Many times when I’m planning for my younger articulation groups (k-2nd grade) behavior management is the biggest concern. Younger elementary kids have a hard time sitting quietly on the best of days. Then, add in any other contributing factors like sensory issues, ADHD, or having speech scheduled right after recess and behavior management of the group becomes the name of the game.
When I think about plans my goals are:
a) ability to gather over 200 trials per student
b) engaging activity that the kids enjoy, but does not over-excite
c) activity to keep students working while peers practice
One of our favorite activities is something we’ve named Draw, Write, Artic.
Each student uses a drawing book. The books have drawings broken down into steps. In our artic groups, students say 10-15 words before they can draw each step of the image. The timing works out very well so that by the time I come back to them in the group, they are ready to move on to the next part of their drawing.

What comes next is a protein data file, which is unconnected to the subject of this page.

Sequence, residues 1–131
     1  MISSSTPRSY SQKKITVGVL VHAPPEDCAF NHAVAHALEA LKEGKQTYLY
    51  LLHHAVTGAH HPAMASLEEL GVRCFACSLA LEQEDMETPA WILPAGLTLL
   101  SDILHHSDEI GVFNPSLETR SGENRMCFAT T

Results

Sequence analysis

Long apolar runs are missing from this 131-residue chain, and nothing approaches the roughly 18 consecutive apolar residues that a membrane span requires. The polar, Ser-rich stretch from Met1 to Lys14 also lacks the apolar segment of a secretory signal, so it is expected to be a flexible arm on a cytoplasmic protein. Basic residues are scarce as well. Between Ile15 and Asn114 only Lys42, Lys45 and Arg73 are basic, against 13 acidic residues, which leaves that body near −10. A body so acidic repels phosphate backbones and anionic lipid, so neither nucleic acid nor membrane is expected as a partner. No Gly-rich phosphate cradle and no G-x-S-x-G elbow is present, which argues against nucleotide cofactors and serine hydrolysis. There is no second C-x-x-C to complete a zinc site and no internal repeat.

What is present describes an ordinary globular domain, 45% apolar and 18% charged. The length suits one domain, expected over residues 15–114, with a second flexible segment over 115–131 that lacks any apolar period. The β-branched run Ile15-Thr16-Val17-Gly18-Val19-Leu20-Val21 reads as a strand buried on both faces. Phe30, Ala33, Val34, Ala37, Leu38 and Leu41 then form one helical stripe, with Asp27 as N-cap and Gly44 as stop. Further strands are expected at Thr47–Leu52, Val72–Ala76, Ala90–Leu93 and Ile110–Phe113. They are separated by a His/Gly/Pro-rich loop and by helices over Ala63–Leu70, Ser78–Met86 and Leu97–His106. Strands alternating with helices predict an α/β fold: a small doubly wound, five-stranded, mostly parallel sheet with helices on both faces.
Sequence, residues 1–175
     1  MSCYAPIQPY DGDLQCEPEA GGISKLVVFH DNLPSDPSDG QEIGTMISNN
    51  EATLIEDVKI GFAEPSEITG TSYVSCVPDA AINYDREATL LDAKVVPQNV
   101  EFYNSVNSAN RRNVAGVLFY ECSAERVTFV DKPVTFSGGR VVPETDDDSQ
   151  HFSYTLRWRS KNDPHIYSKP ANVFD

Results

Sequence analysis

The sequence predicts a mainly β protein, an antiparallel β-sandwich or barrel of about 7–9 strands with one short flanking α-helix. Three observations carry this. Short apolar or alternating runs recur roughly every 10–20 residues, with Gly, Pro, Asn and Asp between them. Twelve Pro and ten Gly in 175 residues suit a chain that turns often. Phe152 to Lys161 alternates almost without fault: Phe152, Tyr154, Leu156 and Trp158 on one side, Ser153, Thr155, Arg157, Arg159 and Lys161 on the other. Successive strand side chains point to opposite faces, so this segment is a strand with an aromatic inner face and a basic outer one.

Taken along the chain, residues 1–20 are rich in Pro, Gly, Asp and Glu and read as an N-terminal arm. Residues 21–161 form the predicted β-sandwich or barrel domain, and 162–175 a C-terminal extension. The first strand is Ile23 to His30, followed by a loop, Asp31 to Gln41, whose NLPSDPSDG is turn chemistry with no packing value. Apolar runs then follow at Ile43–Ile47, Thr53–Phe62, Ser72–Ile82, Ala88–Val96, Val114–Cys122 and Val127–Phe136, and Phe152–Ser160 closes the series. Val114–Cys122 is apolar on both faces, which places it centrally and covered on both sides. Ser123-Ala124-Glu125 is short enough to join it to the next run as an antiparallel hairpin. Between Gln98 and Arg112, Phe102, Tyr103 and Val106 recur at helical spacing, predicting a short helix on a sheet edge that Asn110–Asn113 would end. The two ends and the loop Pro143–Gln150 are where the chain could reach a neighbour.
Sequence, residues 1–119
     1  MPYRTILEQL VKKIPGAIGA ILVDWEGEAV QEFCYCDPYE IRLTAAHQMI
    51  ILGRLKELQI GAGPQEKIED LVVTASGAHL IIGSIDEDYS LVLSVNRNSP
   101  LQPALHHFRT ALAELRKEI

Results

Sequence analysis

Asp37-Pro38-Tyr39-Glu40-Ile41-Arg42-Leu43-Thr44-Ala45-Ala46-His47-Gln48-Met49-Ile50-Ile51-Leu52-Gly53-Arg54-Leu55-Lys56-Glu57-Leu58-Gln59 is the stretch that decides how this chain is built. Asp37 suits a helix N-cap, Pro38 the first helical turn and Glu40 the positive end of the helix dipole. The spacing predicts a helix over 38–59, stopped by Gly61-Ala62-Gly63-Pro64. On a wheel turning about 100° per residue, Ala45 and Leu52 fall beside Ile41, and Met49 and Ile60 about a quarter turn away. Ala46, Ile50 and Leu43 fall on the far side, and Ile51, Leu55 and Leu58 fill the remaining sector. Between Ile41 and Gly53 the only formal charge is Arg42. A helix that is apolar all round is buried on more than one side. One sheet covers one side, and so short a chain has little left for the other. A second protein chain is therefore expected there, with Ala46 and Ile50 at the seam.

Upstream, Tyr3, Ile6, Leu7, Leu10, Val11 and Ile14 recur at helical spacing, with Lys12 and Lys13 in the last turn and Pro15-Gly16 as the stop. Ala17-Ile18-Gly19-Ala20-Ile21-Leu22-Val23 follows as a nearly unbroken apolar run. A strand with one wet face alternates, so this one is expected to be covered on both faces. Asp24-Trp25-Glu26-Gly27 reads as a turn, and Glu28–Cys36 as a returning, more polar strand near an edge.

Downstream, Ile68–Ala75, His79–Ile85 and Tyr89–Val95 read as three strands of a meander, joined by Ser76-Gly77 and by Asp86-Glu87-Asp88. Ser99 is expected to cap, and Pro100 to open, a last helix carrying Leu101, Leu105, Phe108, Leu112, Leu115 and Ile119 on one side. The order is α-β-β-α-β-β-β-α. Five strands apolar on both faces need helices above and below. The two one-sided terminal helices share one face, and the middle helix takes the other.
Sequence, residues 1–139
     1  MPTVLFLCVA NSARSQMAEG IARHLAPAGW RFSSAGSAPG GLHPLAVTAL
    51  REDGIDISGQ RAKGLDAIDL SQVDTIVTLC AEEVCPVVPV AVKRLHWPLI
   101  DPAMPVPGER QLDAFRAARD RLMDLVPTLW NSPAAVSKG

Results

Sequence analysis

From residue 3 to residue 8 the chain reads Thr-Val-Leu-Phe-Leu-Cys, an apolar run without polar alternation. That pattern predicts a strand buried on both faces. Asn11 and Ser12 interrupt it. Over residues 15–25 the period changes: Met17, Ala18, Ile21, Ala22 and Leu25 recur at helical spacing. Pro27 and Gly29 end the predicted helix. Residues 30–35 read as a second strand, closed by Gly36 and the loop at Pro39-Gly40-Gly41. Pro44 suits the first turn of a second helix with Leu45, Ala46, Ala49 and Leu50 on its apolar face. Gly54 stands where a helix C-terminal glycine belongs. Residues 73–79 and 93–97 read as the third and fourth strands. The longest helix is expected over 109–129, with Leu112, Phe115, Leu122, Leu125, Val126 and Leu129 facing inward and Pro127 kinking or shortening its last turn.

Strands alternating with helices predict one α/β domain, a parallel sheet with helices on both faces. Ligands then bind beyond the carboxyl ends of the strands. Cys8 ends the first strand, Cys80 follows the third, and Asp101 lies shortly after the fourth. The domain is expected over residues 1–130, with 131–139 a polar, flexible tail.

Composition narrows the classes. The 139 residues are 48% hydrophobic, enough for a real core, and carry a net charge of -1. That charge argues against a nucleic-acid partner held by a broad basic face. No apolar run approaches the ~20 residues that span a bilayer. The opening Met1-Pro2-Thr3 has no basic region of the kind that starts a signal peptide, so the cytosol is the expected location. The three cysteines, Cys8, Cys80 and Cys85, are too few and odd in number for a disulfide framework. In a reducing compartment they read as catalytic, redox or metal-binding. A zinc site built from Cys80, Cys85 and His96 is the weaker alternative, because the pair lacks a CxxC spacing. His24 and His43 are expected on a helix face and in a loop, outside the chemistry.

Most of my students love to draw. The ones who don’t love to draw are usually hooked after they try it for the first time. Even non-artists can create art when it’s broken into steps. It’s adorable how excited they get. Once they are done with their art, we can write sentences with our target sounds to describe the art.
I’m sure your wheels are turning for other uses for these books! The activities are perfect for kids also working on retelling steps/directions, basic concepts, and similar language goals.
There are lots of illustrating books available. I use the Draw-Write-Now Box Set
It came with eight different books.
This gives us plenty to go around the table in a group!
I love the examples they include of a fully illustrated image and written passage.
Do you let your little artists work on their art during articulation groups?